"For those that need to seek comfort in a safe haven, we believe Investment Grade credit while tight from an historical point of view, still benefits from positive exposure thanks to the Japanification process. In that sense, we expect the Fed to keep a dovish tone in this muddling through economic situation in the US meaning that the releveraging process taking place in the US is still positive for credit." - Macronomics, 19th of August 2014.

While it is true that the "interest rate buffer" in case of a surge in rates is nearly exhausted in the current low yield environment, but the environment for investment grade credit is still favorable as highlighted again last week:
"This somewhat validates Nomura's take on the golden age for credit we discussed back in 2012 in our conversation "Deleveraging - Bad for equities but good for credit assets":
"-Corporates around the world have been deleveraging for longer than most people realise, starting around the time of the tech bubble in 2000.
-Deleveraging is generally bad for equities, but good for credit assets.
-In the US, Europe and Japan, credit has outperformed equities by any reasonable measure (e.g. volatility, drawdowns, absolute).
-As credit is far less volatile than equities, some leverage is sensible. Even leveraged credit can be less risky than unleveraged equities." - source Nomura

Of course the current interest rate differential between the US and Europe, supported by a weakening Euro and negative interest rates in the front-end of some European government bond yield curve points towards a larger allocation to US fixed income we think.

On that point we disagree with the latest take from Bank of America Merrill Lynch' s credit team in their recent Credit Market Strategist note from the 10th of October entitled "Breaking up is so easy to do" given they don't see an acceleration into US fixed income:
"Breaking up is easy to do. US-European interest rate differentials are near historical highs whereas credit spread differentials remain near – though notably off - historical lows. With the economies out of sync, and resulting opposite central bank policies, our global interest rate strategists expect the rates differential to increase even further. As our European credit strategist, Barnaby Martin, maintains a constructive outlook for EUR IG, and we are tactically short US IG, clearly we expect the US-EUR spread differential to widen further. 
The push-back. 
Investors’ biggest push-back against this outlook is that, with US yields much higher than global yields we should expect a global allocation change and/or diversion of flows into US fixed income – including credit. The direct effect of such flows would be to dampen interest rate differentials and add strength to US credit at the expense of European credit. Furthermore, as interest rate risk is the key uncertainty for US credit, these flows would provide additional indirect support for US spreads. Hence any divergence between interest rates, credit spreads would be more limited than we are looking for. We think that, while global weakness asserts downward pressure on US yields, the mere existence of wide global yield differentials do not.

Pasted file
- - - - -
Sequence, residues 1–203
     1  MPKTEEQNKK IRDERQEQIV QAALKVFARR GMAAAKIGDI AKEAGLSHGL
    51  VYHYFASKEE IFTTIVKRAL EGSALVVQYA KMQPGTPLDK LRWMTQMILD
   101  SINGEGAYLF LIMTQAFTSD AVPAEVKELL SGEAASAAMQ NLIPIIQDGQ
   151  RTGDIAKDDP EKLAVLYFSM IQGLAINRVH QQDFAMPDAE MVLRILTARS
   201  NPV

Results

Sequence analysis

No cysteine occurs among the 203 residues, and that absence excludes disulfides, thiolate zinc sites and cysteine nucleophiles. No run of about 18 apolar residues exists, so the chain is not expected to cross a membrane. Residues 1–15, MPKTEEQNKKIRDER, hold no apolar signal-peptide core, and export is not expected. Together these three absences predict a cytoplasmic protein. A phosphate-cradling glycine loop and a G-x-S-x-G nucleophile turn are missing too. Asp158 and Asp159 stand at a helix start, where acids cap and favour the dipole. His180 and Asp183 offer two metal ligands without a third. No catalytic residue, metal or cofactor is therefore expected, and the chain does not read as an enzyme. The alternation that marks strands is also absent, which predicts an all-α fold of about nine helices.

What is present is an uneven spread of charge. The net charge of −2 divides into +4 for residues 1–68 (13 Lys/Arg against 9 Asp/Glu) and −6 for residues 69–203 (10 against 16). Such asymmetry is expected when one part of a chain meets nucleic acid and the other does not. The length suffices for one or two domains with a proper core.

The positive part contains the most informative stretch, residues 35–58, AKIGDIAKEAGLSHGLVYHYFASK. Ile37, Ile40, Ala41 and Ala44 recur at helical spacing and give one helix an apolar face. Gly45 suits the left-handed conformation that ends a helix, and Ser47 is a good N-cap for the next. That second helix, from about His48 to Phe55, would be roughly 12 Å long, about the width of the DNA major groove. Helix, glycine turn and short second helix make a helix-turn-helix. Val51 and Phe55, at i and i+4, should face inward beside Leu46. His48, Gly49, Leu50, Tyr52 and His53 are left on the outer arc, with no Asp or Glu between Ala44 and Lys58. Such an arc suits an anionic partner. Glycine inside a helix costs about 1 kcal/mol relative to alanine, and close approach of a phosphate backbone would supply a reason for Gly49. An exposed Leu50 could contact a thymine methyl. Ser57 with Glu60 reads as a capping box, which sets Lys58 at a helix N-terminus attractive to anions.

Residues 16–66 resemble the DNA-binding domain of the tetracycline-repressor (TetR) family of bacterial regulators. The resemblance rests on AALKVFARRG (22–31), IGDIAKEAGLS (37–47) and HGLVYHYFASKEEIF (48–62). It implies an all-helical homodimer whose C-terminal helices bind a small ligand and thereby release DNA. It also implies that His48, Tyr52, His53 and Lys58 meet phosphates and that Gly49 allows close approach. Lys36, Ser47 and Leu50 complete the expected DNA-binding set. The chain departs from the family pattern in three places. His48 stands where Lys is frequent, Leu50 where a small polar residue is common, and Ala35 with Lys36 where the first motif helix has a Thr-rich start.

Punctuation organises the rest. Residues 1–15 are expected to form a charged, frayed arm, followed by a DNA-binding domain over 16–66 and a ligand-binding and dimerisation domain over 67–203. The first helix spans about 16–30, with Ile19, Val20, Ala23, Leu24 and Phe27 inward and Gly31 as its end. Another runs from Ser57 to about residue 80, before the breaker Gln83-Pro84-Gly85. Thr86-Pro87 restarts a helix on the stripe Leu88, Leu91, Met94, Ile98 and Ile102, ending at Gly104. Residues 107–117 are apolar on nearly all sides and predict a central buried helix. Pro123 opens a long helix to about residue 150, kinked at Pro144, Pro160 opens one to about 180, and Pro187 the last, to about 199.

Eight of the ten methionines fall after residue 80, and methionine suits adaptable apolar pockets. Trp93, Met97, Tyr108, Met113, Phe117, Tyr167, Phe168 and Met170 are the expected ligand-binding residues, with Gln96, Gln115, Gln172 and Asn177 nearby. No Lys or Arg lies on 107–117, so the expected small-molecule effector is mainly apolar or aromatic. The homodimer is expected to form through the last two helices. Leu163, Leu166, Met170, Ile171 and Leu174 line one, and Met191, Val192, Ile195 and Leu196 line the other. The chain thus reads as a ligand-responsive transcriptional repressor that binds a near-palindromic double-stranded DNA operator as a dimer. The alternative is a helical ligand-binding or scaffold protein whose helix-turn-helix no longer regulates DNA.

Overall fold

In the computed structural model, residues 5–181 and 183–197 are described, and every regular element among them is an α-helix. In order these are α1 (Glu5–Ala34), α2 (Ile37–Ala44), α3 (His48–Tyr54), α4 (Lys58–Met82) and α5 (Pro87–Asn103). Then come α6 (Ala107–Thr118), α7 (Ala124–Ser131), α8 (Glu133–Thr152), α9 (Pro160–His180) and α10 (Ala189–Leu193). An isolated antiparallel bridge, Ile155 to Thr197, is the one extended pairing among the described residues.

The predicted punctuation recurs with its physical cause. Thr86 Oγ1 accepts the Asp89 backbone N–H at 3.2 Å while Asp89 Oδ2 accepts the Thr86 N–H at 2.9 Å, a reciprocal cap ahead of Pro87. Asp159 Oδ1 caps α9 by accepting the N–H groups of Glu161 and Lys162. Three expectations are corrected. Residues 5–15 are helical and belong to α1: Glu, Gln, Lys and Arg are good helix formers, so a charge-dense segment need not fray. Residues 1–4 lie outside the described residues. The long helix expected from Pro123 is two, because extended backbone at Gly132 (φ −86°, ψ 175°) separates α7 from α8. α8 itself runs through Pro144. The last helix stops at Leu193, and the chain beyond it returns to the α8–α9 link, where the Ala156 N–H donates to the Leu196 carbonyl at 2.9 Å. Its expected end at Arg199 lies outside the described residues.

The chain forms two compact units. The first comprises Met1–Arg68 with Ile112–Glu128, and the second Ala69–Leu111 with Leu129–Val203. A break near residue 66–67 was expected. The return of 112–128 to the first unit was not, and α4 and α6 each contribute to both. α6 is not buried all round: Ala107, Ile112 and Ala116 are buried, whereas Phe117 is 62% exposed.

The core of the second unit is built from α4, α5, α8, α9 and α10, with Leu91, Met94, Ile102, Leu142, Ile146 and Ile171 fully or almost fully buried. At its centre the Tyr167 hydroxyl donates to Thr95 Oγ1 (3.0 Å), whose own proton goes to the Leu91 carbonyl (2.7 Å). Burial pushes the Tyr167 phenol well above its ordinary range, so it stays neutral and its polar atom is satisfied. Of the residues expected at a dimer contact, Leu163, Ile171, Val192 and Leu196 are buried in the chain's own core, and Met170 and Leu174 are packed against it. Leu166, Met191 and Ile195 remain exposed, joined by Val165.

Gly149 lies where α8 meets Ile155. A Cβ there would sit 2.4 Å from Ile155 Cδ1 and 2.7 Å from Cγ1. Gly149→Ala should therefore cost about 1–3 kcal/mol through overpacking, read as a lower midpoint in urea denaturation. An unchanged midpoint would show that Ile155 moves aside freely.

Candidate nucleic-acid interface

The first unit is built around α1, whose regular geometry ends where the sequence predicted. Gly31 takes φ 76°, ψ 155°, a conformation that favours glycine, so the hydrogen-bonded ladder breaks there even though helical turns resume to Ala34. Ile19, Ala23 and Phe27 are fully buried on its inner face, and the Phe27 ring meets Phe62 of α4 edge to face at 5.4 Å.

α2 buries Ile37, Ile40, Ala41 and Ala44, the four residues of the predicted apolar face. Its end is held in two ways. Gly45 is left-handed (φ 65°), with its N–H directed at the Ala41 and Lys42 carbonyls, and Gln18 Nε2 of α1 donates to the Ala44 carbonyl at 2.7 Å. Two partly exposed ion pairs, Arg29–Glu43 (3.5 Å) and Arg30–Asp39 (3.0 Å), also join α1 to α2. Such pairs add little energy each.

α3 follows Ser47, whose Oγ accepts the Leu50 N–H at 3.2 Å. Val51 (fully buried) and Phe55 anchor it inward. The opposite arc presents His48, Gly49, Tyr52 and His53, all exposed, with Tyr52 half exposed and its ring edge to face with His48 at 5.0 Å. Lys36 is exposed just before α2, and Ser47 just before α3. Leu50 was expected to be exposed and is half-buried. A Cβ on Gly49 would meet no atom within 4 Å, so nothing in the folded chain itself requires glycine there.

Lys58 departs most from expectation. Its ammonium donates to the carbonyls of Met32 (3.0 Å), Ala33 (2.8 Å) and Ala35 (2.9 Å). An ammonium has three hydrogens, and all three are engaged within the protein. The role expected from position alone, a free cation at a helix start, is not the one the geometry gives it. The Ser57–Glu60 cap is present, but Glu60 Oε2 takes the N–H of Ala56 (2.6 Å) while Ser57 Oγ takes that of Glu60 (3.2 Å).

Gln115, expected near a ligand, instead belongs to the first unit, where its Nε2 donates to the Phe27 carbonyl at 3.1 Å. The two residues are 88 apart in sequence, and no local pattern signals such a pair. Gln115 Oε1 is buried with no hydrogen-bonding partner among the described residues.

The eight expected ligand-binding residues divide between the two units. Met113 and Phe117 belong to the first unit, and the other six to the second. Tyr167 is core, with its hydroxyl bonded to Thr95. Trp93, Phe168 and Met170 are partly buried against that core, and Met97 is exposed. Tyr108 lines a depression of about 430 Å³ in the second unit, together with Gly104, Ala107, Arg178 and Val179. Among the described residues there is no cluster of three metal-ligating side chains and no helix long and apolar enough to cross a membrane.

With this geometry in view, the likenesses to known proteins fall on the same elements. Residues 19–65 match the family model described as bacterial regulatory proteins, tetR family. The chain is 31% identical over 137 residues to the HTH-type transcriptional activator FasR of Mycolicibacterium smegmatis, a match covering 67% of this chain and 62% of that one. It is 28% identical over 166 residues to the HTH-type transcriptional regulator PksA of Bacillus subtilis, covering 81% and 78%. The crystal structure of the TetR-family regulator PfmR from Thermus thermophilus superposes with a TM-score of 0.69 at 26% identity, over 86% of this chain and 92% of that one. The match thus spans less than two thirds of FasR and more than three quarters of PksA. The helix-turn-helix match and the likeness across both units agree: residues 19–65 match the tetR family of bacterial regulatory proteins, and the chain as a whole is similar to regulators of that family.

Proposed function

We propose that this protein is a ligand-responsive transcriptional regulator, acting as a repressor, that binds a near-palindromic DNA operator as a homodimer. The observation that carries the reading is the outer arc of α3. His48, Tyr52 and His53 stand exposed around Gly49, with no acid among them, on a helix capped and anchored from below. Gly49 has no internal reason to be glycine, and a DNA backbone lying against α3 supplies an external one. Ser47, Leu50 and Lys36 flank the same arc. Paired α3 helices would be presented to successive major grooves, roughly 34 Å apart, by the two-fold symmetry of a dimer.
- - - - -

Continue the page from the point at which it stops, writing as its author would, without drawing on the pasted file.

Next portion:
Our push-back against the push-back. 
We find it unlikely that the existence of big global yield differentials will accelerate inflows to US fixed income for two reasons. First, while we would indeed expect inflows in a high return environment of both high and declining US yields, with rising US interest rates – which our interest rate strategists expect – returns are much less attractive, despite the higher yields. Second, there appears to be little mean-reversion in interest rate differentials – at least between US and German interest rates. In fact in a statistical sense they appear well characterized as random walks – i.e. can wander far from current levels, in either direction. Thus, even though the difference between US and European interest rates is high, from a statistical point of view we are just as likely to see further meaningful increases from here, as we are to see meaningful decreases." - source Bank of America Merrill Lynch

Unfortunately, we think that flow matters and interestingly another note from Bank of America Merrill Lynch from their Liquid Insight team from the 10th of October entitled "Investing in a sub-zero world" makes some interesting contrarian points which we agree with when it comes to the amount at stake when it comes to "financial repression" in Europe:
"We take a look at the broader challenge to portfolio managers posed by negative yields. Since the ECB decided to first venture into negative rates in June 2014, 30% of the EUR domestic government bond market now trades at negative yields (by notional). For German government bonds this number is 46%. Investors need to move as far as the 4y part of the curve to see positive yields. Expressed another way: investors are willing to pay euro area governments to look after €1.3tn (when including bills). To avoid paying negative rates, investors have to either take more duration risk or more credit risk" - source Bank of America Merrill Lynch